January 24, 2005
Politicians in the District,
Maryland and Virginia aren't happy with a Metro funding panel's
call to raise sales taxes by as much as half a percent to fund new
buses, subway cars and other needs.
They shouldn't be. Metro's panel apparently looked only at the revenue side of the ledger and forgot all about costs. Yet improved cost efficiency -- not new taxes -- offers the best way to solve Metro's money problems.
Simply put, Metro's costs are too high. For example, in San
Diego, costs per passenger mile are 35 percent lower than they are
here. If Metro costs were at the San Diego level, our system would
need $300 million less annually. Metro doesn't deserve one more
penny of revenue -- through higher fares or through higher taxes --
until it gets its out-of-control costs in order. Perhaps the most
promising solution to Metro's cost overruns is "competitive
tendering," a system by which private companies compete for the
right to provide service at lower subsidies. Competitive tendering
already is used for bus service in Montgomery, Fairfax, Prince
George's and Prince William counties, although the counties
continue to set fares and decide where and when buses will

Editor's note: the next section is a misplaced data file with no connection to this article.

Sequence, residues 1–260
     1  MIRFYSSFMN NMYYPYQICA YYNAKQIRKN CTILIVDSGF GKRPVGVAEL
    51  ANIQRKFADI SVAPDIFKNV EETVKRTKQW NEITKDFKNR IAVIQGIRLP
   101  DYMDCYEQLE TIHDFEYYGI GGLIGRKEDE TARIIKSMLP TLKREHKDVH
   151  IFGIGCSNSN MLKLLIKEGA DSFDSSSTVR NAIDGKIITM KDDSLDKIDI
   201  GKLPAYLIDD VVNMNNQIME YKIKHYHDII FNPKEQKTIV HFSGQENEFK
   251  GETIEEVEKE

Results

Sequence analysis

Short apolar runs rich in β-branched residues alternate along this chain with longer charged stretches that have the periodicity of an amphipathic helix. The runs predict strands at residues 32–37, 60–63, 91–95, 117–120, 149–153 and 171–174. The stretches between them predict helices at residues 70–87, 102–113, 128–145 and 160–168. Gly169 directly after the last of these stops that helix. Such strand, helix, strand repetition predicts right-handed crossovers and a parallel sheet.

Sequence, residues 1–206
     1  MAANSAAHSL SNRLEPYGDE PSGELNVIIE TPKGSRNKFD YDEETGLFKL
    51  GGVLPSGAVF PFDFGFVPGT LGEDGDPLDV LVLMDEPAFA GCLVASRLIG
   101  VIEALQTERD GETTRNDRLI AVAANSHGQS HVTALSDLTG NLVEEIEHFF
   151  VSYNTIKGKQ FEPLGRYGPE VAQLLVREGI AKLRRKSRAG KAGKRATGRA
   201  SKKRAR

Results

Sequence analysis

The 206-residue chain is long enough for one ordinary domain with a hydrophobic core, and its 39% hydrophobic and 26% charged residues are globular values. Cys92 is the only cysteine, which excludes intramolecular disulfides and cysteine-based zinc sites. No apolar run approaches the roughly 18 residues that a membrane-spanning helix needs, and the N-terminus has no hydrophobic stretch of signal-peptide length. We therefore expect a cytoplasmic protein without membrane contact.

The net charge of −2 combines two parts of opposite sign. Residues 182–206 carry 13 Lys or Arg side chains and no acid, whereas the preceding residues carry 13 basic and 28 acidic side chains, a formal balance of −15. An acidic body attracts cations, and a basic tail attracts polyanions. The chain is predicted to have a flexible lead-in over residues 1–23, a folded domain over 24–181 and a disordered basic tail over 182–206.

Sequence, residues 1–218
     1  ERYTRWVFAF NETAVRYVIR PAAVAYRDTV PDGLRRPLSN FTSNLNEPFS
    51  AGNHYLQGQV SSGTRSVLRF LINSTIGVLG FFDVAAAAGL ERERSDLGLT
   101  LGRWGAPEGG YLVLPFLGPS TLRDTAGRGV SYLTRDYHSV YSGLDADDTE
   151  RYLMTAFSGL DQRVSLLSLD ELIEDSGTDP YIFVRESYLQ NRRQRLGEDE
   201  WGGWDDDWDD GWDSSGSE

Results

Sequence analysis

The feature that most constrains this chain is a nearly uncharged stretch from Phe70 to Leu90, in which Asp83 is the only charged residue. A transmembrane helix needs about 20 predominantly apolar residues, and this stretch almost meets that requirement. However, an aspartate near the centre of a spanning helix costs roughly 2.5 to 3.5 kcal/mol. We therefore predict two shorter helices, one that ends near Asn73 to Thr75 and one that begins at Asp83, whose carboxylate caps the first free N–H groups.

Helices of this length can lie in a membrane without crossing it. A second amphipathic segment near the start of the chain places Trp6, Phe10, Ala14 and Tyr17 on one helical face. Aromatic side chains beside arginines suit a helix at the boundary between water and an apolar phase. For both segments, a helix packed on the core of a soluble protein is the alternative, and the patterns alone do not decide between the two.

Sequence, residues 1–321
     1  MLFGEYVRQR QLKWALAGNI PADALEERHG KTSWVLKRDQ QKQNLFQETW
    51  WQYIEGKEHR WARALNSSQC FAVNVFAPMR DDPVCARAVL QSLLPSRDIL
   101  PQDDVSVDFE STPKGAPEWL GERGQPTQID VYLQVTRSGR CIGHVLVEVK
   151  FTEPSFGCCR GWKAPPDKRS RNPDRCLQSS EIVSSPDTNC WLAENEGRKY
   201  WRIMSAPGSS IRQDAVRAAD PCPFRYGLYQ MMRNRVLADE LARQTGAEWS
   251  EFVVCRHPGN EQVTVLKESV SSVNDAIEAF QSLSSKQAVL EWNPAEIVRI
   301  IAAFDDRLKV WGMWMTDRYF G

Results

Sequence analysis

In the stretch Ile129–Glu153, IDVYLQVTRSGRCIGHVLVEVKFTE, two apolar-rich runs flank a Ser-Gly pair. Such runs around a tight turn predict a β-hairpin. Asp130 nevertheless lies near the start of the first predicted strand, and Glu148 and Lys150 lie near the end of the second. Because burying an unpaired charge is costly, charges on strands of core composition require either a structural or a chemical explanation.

Some of the world's largest transit systems have converted to competitive tendering. It started with London's famous red bus system. Since 1985 costs per mile on the London system have been halved while service has expanded. Copenhagen, Adelaide and Perth also have competitively tendered their bus systems, with savings of 20 percent or more. Stockholm has competitively tendered not only its bus system but its commuter rail system and subway, which carries 50 percent more riders than Metro does. Stockholm's savings have exceeded 50 percent.
Significant savings also have been achieved in the United States through competitive tendering in San Diego, Denver, Los Angeles, San Francisco and Las Vegas.
Competitive tendering is certainly worth a try here -- especially considering that the depth of the Metro funding crisis has been overblown. A little more than a 10 percent reduction in Metro costs would save the system $2.3 billion during the next decade.
Metro's money challenge is less daunting than that faced by many private companies that have managed to turn themselves around even though they can't stick taxpayers with the tab for their inefficiencies.
Metro can solve its funding problems -- it just has to go back to the drawing board instead of reaching into taxpayers' pockets.
Wendell Cox is a Heritage Foundation visiting fellow, he served on the Los Angeles County Transportation Commission.
First appeared in The WashingtonPost.com